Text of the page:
Features Latest News — 05 December 2017

WHILE the focus on alternative fuels over the past few months has been largely centred on electric vehicles, the fuel that many believe will be the real future of automotive movement, hydrogen has been given a major boost this week with automotive giant Toyota announcing it will build a the world’s first megawatt-scale hydrogen power station at the Port of Long Beach in Southern California.

The facilitywill also feature a fueling station generating hydrogen from 100 percent renewable sources.

The automaker will use the hydrogen for the prototype fuel cell heavy-duty truck it is running out of the port and to eventually fuel Mirai passenger sedans imported from Japan.

“This is the next step in Toyota’s efforts to build a clean and sustainable future powered by hydrogen,” said Doug Murtha, Toyota’s group vice president for strategic planning. ”Hydrogen fuel cell technology” has the potential to be the powertrain of the future.”

Murtha made the announcement Thursday at the 2017 L.A. Auto Show, just a stone’s throw away from the Project Portal Class 8 truck that Toyota is testing  as a proof of concept for hydrogen-fueled trucking at the Port of Long Beach.

“It has the power to haul 73,000 tonnes of freight while emitting nothing more than water vapor,” Murtha said, adding that the truck has so far logged more than 6,000 “successful development” km. The truck just recently began moving goods — auto parts and supplies for Toyota — throughout Southern California.

Murtha highlighted another benefit of hydrogen fuel cell technology: acceleration. Carrying 16 tonnes of gross weight, the truck takes 8.9 seconds to travel the initial 200metres from start up. A diesel truck would take 14.6 seconds to reach the same distance.

That truck will soon be fueled with the hydrogen from the new plant. The source material will be bio-waste sourced from California farms. At present, most hydrogen fuel is made with natural gas.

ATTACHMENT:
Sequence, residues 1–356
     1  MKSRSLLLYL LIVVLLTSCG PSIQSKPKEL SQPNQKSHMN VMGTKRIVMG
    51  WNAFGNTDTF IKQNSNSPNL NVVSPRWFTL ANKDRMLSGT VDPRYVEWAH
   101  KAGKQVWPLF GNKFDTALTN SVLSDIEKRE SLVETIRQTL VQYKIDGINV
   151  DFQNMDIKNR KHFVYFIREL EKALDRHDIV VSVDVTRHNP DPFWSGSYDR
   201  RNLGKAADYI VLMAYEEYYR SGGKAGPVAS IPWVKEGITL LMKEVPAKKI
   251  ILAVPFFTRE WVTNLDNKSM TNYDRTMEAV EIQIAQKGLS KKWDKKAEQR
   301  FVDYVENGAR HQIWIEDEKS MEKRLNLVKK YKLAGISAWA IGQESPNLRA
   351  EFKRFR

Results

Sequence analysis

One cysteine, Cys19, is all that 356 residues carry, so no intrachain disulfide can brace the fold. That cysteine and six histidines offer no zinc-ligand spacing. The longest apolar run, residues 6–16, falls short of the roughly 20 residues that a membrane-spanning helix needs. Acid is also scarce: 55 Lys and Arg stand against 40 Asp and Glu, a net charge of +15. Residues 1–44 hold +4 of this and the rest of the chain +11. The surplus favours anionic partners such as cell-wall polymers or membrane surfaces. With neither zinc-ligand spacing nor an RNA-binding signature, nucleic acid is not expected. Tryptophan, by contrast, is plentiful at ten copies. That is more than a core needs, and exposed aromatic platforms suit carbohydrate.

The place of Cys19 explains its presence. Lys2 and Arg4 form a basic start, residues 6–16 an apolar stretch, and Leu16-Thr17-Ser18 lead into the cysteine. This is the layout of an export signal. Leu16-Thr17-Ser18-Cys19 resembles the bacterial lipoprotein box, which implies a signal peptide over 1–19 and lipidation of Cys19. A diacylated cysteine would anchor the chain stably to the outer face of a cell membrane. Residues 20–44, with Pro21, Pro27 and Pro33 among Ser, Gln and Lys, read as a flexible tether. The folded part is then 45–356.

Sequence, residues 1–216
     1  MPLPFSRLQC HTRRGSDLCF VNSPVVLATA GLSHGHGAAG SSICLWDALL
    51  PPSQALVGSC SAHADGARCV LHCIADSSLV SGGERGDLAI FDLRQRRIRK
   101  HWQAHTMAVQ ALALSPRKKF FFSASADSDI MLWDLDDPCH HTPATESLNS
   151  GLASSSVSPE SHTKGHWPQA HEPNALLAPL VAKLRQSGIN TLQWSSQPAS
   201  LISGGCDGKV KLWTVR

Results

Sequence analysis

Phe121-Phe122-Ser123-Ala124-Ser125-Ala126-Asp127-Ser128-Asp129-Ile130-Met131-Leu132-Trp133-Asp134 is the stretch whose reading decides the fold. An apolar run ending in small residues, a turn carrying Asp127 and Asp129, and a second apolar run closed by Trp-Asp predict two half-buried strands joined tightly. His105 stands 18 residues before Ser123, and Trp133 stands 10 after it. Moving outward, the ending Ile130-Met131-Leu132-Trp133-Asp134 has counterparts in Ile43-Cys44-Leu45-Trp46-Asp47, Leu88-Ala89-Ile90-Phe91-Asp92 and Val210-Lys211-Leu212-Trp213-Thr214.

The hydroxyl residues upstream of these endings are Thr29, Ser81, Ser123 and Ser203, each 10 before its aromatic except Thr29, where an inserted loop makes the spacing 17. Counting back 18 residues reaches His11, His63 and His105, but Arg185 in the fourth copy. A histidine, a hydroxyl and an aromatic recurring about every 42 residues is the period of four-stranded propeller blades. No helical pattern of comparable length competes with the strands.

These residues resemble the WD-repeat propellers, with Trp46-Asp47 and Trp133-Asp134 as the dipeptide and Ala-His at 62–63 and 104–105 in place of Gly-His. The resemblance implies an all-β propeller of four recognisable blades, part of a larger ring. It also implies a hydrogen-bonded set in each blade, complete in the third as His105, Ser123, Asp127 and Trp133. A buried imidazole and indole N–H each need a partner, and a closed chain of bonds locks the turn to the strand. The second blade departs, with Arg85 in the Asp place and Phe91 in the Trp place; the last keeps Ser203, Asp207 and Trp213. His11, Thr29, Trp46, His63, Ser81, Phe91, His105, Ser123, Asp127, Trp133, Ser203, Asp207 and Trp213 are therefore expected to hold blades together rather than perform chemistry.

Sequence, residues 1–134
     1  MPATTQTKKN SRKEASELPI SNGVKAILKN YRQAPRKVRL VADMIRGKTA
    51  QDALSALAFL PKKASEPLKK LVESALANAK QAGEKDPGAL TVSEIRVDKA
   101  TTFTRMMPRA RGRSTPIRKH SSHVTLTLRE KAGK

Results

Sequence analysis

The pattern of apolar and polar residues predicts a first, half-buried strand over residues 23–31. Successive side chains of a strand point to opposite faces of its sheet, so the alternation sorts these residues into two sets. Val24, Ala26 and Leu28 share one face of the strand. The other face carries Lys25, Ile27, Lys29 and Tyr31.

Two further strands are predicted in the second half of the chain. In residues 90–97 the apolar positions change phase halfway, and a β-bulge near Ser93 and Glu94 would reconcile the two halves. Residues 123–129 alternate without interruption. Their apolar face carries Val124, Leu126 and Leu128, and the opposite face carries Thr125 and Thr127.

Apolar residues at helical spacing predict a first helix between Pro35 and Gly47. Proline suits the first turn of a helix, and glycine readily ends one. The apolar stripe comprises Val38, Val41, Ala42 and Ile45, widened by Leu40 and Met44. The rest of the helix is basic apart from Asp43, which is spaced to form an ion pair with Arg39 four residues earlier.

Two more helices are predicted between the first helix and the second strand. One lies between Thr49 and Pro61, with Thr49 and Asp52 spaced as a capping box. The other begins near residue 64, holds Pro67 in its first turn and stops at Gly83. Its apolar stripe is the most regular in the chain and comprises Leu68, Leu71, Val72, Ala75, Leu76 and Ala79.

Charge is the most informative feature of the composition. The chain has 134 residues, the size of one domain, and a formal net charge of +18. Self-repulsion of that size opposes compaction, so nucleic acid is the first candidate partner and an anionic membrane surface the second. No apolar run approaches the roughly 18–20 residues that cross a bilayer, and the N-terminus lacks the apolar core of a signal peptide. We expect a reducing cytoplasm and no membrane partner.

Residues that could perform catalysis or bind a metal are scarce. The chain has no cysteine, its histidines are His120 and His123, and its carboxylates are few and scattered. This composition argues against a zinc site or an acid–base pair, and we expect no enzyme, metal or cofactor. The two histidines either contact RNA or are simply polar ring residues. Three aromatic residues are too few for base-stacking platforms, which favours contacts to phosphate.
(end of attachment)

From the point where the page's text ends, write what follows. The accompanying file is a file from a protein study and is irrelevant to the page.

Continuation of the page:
The new so-called Tri-Gen power plant will generate 2.35 megawatts of electricity and 1.2tonnes of hydrogen per day, which is enough to power 2,350 average-sized homes, Toyota says, as well as fuel to support the daily driving of 1,500 fuel cell cars.

The facility is Toyota’s first in North America to be 100 per cent renewably powered.

“It’s a great day when the application of fuel cell technology is broadened to a variety of platforms aligning stations with those vehicles,” said Steve Ellis, manager, fuel cell vehicles at American Honda Motor Co.

Following Toyota’s announcement, the Honda Clarity hydrogen fuel cell sedan was named 2018 Green Car of the Year at the auto show.

“These things are not competitive. Rather, all ships rise at this early stage of fuel cell vehicle and hydrogen station development,” Ellis said.

Toyota is one of a handful of automakers making hydrogen fuel cell passenger vehicles. Two years ago, it introduced its Mirai hydrogen fuel cell sedan. The same fuel cells that power the Mirai also power the Toyota Project Portal hydrogen truck.

Honda, Hyundai and Mercedes-Benz also make hydrogen-fuel vehicles, but adoption has been slow, mostly because of infrastructure. There are currently just 31 hydrogen fueling stations in California, which has the highest concentration of hydrogen fueling stations of any state in the country.

“What makes hydrogen such an exciting prospect in cleaning our environment and reducing our carbon emissions is its flexibility,” said Morry Markowitz, president of the Fuel Cell Hydrogen and Energy Associaton .

“You can use it for transportation. You can use hydrogen to power buildings and even help power and stabilize the grid. It’s also being used in other countries to help stabilize the cell system as backup power.”

Toyota’s new Tri-Gen facility, Markowitz added, “actually fulfills the completion of a promise of the fuel cell technology and hydrogen as a fuel. It shows that it can power anything on four wheels from a forklift to a heavy-duty truck as was promised, but also to derive the fuel potentially from renewables.”

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